Thinking we will need?

Not surprisingly since it is the end of the school year, many of the blogs I read are re-examining the idea of change in education and how web 2.0 tools fit into that. 

Thinking Stick   “Creating a Paradigm Shift”
Ideas and Thoughts from an Ed Tech  “Paying at the Pump”
Remote Access   “Looking Differently”
Chalkdust    “To My Children”
Educational Discourse  “And We’re Preparing them For?”
Thinking Aloud   “Choice or Obligation?” 

And of course at Weblogg-ed  “Summer Reading”  

A lot of common threads run through these posts. 

  • –That using technology in the classroom isn’t really “optional” anymore if we want to prepare our students for the world they are entering.  It is just a natural part of how the world functions. 
  • –That we as educators and librarians need to understand that knowledge is flexible, ever-changing and not one “set” thing anymore and demonstrate that understanding in how we teach and work with content. 
  • –That we need to be teaching students to think critically and evaluate the massive amounts of information out there.   
  • –That educators, in the light of all this, should be moving towards a model that is more inquiry-based, more collaborative, more flexible, more student-driven, and with more global connections outside of the campus. 

To paraphrase Patrick Higgins, what is the thinking we will need to make these paradigm shifts? 

How this affects what I do is what I’ll be thinking, reading, and writing about this summer.  And I’d love to hear your thoughts about how these shifts affect educators in general and school libraries as well.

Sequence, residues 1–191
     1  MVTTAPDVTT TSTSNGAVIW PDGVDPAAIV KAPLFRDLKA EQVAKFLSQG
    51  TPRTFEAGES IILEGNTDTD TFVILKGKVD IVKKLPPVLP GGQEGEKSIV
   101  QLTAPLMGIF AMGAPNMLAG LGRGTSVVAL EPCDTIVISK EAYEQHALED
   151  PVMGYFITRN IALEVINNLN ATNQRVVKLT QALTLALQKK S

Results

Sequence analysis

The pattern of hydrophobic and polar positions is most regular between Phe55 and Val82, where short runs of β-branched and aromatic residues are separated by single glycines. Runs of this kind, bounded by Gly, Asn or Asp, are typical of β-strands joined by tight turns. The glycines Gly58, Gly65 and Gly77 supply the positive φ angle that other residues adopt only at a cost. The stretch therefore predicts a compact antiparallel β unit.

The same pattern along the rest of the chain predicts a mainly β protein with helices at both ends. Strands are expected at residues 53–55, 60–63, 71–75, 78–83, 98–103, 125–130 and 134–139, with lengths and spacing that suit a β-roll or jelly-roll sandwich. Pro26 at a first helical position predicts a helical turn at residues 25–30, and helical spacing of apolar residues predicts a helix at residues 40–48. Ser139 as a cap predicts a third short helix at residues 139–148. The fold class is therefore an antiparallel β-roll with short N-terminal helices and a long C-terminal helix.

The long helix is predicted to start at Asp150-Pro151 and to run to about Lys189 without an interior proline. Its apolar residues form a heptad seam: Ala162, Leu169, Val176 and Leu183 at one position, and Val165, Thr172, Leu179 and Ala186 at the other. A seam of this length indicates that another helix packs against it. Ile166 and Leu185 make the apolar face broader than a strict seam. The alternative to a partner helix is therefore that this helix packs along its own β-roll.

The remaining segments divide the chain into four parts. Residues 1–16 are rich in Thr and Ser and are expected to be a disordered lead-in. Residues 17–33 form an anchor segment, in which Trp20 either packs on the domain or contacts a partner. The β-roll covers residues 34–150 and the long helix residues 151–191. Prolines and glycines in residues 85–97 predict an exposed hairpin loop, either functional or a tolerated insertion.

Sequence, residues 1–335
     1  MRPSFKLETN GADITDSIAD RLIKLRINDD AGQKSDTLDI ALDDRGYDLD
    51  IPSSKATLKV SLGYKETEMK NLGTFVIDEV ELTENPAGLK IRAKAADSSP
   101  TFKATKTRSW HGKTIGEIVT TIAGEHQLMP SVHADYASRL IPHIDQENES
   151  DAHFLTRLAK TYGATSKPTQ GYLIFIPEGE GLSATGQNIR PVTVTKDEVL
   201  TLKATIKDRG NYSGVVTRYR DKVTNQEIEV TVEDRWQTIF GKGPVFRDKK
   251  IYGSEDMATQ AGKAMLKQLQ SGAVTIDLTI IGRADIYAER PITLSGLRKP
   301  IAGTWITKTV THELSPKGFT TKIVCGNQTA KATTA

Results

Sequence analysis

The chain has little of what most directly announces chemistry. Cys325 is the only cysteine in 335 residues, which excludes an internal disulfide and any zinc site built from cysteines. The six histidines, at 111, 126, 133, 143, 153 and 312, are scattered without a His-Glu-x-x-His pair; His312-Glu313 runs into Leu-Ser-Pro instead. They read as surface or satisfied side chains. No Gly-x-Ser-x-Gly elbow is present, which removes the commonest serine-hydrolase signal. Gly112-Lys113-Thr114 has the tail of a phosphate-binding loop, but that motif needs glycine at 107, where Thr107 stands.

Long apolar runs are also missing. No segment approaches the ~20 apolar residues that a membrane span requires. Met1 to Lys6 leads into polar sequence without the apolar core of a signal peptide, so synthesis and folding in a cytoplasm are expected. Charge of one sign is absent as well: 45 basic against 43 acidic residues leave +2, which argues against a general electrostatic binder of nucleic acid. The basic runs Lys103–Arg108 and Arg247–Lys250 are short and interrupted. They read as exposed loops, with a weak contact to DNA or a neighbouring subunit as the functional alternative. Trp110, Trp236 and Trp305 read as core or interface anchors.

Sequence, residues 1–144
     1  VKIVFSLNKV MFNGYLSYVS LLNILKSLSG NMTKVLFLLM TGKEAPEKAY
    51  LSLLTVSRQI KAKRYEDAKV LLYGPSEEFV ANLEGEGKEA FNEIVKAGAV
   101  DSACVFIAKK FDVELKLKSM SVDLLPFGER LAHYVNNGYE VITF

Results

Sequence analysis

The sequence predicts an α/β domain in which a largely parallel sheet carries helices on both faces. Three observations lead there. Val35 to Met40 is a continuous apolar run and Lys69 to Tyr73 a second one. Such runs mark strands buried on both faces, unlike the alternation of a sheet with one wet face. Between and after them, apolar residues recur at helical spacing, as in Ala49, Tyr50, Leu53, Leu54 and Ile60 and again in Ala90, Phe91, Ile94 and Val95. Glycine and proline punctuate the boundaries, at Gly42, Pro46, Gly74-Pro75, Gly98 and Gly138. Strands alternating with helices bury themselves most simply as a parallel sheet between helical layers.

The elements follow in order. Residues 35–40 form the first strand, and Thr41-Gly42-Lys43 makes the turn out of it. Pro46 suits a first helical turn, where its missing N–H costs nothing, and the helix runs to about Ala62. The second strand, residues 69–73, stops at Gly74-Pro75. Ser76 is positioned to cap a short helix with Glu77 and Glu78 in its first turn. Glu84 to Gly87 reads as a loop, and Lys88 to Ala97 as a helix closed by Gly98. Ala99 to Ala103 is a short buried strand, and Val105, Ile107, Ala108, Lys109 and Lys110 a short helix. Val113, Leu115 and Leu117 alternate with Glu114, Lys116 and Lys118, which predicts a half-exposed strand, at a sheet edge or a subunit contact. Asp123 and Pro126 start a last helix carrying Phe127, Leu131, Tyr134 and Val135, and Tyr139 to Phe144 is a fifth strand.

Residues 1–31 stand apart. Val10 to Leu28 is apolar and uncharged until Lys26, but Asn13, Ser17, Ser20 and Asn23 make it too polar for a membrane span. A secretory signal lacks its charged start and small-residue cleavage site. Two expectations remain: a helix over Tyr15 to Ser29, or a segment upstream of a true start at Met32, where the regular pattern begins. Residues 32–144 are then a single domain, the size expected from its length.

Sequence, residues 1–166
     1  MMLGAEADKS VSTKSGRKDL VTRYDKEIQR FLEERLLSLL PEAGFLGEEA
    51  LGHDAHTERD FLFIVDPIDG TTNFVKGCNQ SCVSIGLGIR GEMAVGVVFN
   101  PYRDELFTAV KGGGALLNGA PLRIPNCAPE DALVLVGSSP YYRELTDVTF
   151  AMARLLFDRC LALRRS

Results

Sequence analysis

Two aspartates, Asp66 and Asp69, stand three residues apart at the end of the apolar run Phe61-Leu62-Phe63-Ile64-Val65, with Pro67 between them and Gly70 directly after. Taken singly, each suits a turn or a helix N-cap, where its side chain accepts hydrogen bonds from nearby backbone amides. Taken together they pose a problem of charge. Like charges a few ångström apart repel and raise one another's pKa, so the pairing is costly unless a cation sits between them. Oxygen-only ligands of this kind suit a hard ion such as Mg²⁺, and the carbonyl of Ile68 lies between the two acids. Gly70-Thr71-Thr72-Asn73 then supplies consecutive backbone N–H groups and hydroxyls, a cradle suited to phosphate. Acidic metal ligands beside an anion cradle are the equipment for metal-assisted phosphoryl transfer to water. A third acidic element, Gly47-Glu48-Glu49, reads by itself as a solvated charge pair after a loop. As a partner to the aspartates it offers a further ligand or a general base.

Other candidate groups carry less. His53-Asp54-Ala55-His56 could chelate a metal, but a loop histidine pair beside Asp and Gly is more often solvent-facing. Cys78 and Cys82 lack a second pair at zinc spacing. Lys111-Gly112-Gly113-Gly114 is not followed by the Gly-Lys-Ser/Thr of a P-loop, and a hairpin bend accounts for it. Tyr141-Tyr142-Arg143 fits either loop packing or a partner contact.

One thought on “Thinking we will need?

  1. I have so enjoyed my time on this blog, since “tracking back” your link to mine. Thank you for making that initial link.

    Your thoughts on where we are and where we are (need to be) going articulate so well, what goes through my own mind.

    We live in exciting and daunting times. We are responsible for preparing students for a future made up entirely of change and more change. Yet we represent and work among a profession that has not changed much in a long time. (In fairness, maybe no one has pushed education hard enough before.)

    But now we have no choice. Yet at every turn, we see resistance. And at the next corner we see hope and inspiration (like coming to this blog).

    Will the collective minds of those that see the need for change be enough?

    Will we speak loudly or clearly or intelligently enough to be heard and to inspire change?

    That remains to be seen. Maybe it’s a snowball’s chance in hell, but right now, we are rolling together and gathering a pretty BIG snowball…and that gives me hope.

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